ROUTE FROM THE RUT
By Kay Hill
Do you find yourself sitting at home with nothing to do? Making new friends and trying new activities is easier than ever
We all love our old friends – the ones you can go half a year without speaking to, then pick up right where you left off. Friends from school and teenage days have so much shared history that it doesn’t take much effort to keep in touch; but as the years go by and people move around the country, we can suddenly find that what we really need is some new friends, just around the corner!
We’ve put together a few ideas of where to start
One of the most thriving organisations you can join is University of the Third Age (U3A) u3a.org.uk, founded in 1973, but now with more than 1,000 groups and 400,000 members in the UK. It’s open to those who are no longer in full-time employment (there’s no minimum age – the criteria is that your life should no longer be all about work and kids) and it’s so popular there’s often a waiting list. U3A revolves around members sharing their expertise and knowledge with each other, so you might find small groups learning languages, reading poetry or acquiring an almost limitless range of practical skills. If you’ve never had time to find a hobby, it’s a great place to start.
While council-run Adult Education has been seriously cut back in the last 20 years, you can still find some interesting evening classes available, from learning a new language to art and sculpture. Bear in mind that local authority classes are both more exam-oriented and more expensive than they used to be; if you want more casual, fun classes you can often find these advertised privately.
If you fancy learning a new sport or re-engaging with an old one, local council leisure centres are often a good place to start. Park Run – parkrun.org.uk – offers a free, friendly and non-competitive way to get back into jogging or running. There are often easier variations of sports available, such as Zumba Gold or walking football that are ideal for those who haven’t had much time to exercise over the years, while activities like swimming, yoga, Pilates and Tai Chi can be taken at your own pace.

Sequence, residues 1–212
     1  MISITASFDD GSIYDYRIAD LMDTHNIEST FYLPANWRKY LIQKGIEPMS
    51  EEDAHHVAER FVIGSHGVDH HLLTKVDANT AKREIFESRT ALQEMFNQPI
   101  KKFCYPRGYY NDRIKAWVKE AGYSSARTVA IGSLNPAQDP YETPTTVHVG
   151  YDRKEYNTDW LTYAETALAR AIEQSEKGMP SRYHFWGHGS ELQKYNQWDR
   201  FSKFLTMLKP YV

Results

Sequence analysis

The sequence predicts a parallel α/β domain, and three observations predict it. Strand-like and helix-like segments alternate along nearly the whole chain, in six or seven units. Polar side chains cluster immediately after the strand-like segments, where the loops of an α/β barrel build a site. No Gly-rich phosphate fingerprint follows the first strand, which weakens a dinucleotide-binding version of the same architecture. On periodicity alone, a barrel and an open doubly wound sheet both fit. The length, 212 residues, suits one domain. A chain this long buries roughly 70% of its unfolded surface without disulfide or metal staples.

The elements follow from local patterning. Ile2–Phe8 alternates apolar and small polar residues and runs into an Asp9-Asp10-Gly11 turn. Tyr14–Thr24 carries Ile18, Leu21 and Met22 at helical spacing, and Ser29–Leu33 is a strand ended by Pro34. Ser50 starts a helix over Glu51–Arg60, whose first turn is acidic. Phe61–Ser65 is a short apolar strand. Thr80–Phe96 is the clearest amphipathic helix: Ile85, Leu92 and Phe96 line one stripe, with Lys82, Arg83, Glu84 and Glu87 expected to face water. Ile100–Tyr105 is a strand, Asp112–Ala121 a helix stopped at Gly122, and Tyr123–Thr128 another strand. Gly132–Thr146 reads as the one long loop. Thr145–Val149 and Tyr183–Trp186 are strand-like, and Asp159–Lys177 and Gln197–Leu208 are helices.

Dancing offers the perfect combination of dressing up, getting fit and making friends all in one go. Thanks to Strictly Come Dancing you can find beginners ballroom and Latin classes almost everywhere – and if you have noticed you seldom do anything fun with your partner it’s a great way to reconnect (especially during the tango!). Classes often have regular social dances where you can show off your new skills. Not all dance classes require a partner – some will pair you up with another single person, or you could try line dancing or belly dancing (some groups welcome men too) where a partner isn’t required.
Taking part in group singing has been proven by numerous studies to lift mood and beat anxiety, as well as being a great way to open up a new social life. The Big Sing – big-sing.com – has a varied repertoire of uplifting music and doesn’t require an audition or need you to be able to read music, and you’ll find lots of smaller community choirs around the country that work along similar lines.
Whatever your hobby, there’s probably a group you can join – horticultural associations, local history groups, flower arranging clubs, amateur dramatic societies – have a look online or check out the notice board at your local community centre. One relative newcomer is Men’s Sheds – menssheds.org.uk – which offers a friendly environment for men to enjoy making and mending and sharing their skills – a bit like retreating to your own garden shed but with company.
If you find yourself with a bit more time on your hands, volunteering can give you a happy glow as well as a chance to make new friends. Leaders and volunteers are always desperately needed for groups like Scouts and Guides, while many people enjoy putting their skills to use by helping out at places as diverse as Repair Cafes, Record Offices or gardening in cemeteries. Your local CVS (Council for Voluntary Services) will hold a list of volunteering positions. Schools often welcome volunteers – anything from helping primary kids learn to read to conducting mock interviews with sixth formers. You may need to have a DBS criminal record check, depending on the role, but this is free and straightforward.